Any big political march is both a test of a city's spatial limitations and an exercise in seeing and using that city in a new way. This is especially true in Los Angeles, a city still trying to shake off an outdated reputation as a place without a significant pedestrian culture or vibrant public realm.
The Los Angeles edition of Saturday's women's march was in that sense another sign of the city's continuing effort to redefine, or at least recalibrate, its public-ness. The Los Angeles Police Department called it the largest gathering downtown since the giant immigration rights protest of 2006.
What I found most striking as I watched the march descend on Pershing Square and make its way to City Hall was how certain spaces and corridors strained to absorb the unusual mass of humanity while others did so with relative ease. (All morning, the marchers I saw were jovial and relaxed, even when they seemed hopelessly stuck.) In several places, bottlenecks suggested overtaxed infrastructure (and imperfect planning for the march itself). In others the crowd flowed smoothly from one block to the next.
My short-form report card reads this way: low to middling marks for Metro and Pershing Square, high ones for Grand Park.
My experience trying to get on a train Saturday morning at several Gold Line stations matched reports I heard from others or read on social media — that the lines to purchase TAP fare cards or simply to reach Metro platforms were long and snaking, often with no end in sight. Outside two stations I saw families on the sidewalk waiting for surge-priced Uber rides, having given up on the train.
Some of these delays were surely caused by neophyte or inexperienced Metro users, unsure how to load a TAP card. But in my admittedly incomplete survey, I didn't see any Metro officials directing traffic or giving people at the end of the line a sense of how long they'd be there.
Once downtown, I ended up walking along Grand Avenue, down the hill from Disney Hall and the Broad museum and toward Pershing Square. When I reached the corner of Grand Avenue and Fifth Street, a steep intersection at the base of Bunker Hill, the way to the square was blocked by a mass of people. Traffic cops were still trying to let cars across, even as it became clear that the intersection would soon be overwhelmed by the crowd.
This was a sign, perhaps, that the size of the march had caught city officials by surprise; otherwise this intersection might have been closed to cars far earlier.
I eventually made it to the edge of Pershing Square along Olive Street, joining a solid block of people outside the Biltmore Hotel. The crowd seemed anxious to start walking but was hemmed in on all sides, with nowhere to go.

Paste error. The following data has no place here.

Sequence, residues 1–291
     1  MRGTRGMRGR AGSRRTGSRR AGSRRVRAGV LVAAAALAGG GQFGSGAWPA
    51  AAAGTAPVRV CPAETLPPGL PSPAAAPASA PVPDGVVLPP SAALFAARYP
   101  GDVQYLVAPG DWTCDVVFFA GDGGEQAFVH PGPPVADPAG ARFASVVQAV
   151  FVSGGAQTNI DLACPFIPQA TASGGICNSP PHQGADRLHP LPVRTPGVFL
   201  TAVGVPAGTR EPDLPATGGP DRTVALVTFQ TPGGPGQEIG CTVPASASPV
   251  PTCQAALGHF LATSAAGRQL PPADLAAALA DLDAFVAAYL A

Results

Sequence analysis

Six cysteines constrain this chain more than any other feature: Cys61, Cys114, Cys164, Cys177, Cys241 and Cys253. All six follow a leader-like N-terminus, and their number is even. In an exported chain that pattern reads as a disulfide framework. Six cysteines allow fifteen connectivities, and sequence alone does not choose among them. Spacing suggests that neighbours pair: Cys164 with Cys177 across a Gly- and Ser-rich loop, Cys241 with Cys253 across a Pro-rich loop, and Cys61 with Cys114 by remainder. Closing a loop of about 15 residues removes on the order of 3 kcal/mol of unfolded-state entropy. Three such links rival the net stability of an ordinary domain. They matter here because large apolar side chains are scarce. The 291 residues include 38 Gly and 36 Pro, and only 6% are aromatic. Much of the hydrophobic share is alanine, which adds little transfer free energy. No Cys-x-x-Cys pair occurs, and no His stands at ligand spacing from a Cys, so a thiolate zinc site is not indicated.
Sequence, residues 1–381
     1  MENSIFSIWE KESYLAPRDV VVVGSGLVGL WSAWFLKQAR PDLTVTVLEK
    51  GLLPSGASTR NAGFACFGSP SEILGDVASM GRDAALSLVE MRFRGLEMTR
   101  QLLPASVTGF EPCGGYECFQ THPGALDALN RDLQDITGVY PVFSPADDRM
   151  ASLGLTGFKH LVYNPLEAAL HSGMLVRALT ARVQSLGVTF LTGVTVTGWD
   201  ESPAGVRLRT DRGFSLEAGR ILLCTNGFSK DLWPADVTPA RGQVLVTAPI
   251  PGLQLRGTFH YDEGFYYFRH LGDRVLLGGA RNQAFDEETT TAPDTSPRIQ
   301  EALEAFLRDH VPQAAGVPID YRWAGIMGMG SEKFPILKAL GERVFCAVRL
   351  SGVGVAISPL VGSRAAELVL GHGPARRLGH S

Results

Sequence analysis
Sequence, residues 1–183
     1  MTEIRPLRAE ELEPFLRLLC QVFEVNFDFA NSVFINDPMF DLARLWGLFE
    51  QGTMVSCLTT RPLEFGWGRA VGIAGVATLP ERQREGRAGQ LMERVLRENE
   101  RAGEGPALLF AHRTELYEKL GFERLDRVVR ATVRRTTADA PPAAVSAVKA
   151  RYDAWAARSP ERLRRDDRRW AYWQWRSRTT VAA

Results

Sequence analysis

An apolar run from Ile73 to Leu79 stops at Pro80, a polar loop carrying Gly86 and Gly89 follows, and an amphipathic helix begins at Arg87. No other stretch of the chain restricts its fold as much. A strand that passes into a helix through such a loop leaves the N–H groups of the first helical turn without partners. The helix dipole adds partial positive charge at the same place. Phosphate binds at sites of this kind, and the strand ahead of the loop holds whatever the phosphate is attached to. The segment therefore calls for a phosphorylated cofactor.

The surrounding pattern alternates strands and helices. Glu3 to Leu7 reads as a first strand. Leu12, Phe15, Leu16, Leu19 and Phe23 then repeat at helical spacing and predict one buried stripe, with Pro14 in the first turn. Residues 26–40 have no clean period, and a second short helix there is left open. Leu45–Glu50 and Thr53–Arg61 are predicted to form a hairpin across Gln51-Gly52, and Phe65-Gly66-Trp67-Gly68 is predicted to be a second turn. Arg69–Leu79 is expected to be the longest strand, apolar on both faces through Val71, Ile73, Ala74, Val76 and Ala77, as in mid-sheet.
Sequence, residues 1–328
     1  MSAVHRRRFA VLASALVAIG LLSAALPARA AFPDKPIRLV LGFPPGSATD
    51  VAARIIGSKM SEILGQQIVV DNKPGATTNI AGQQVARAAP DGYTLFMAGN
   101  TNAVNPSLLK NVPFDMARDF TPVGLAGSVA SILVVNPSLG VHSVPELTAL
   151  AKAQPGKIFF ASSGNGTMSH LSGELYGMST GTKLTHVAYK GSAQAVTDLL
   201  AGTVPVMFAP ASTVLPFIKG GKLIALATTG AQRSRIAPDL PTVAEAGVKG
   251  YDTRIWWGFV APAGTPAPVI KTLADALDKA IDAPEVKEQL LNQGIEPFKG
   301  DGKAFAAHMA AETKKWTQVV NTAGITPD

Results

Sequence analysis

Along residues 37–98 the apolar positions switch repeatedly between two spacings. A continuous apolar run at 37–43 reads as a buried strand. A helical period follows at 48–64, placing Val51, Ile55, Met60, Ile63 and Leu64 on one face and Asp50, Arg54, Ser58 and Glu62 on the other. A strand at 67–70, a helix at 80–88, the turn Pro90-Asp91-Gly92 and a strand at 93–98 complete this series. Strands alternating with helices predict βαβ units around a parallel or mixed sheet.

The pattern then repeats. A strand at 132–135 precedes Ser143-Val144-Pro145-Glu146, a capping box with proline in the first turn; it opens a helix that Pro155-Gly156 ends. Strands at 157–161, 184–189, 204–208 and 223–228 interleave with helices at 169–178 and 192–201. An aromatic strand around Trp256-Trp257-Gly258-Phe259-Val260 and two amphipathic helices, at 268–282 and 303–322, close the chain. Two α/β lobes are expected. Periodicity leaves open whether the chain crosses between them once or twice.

The march might have marked a return to form for Pershing Square, for many decades L.A.'s most important political space. Instead it revealed the limitations of the square's unpopular 1994 makeover by the late Mexican architect Ricardo Legorreta. Instead of being able to see from Olive into the center of Pershing Square, our view was blocked by the purple and yellow walls Legorreta added along its edges.
It wasn't difficult, as I stood there, to understand the appeal of a Pershing Square made over in the name of "radical flatness." That two-word phrase was the guiding slogan for the winning entry, by the French landscape firm Agence Ter, of a 2016 design competition to dramatically reinvent Pershing Square. By "radical flatness" the firm means a square with all those walls removed — a square that is directly open to the streets and sidewalks on all sides, the way it looked for most of the 20th century.
Only in Los Angeles, perhaps, would that basic notion of connectivity seem radical. Still, a square redesigned in that way would have allowed Saturday's crowd on surrounding streets to see and feel some solidarity with the larger group of protesters.
The part of the march I was in broke from the planned route along Spring Street and stayed on Olive instead, moving slowly past the Omni Hotel and the so-called Erector Set parking structure on Bunker Hill before turning down First Street in the direction of Grand Park and City Hall. It was possibly a measure of the crowd's size that even this splinter group felt large enough to qualify as the main march, the big mass. Dozens of people had climbed atop the Erector Set; they danced or waved to the marchers below.
Though I didn't walk directly past the new federal courthouse on First Street, others who did told me it handled the crowd well. Photographs suggested the same. The building, designed by Skidmore, Owings and Merrill to allow the public realm to flow beneath its suspended glass-wrapped cube, apparently worked just as planned.
When I reached Grand Park (not part of the official route, apparently), I found a space — or series of spaces, since the park is broken up by Hill Street and Broadway as they cut across its midsection — that seemed much better equipped to handle a crowd of this size.
The park's steep grade, as it moves from the top of Bunker Hill to the bottom, can often make it seem an awkward gathering place. But on Saturday the grade was an advantage. Marchers could see all the way down the hill toward City Hall and watch large crowds funneling in from other directions. Their vision wasn't blocked the way it was around Pershing Square.
There was also more room to maneuver; there were benches and shady corners, places to get away from the throng or rest for a minute or two. At the base of the park along Spring Street, at the foot of City Hall, the crowd was thick. But there were pockets of space for kids to run around and jump in the mud.
But it was really the view down the hill that made the difference. This was even better than radical flatness. This was a way to be in the march and above it at the same time. A crowd doesn't feel whole unless it can get a glimpse — and a measure — of itself.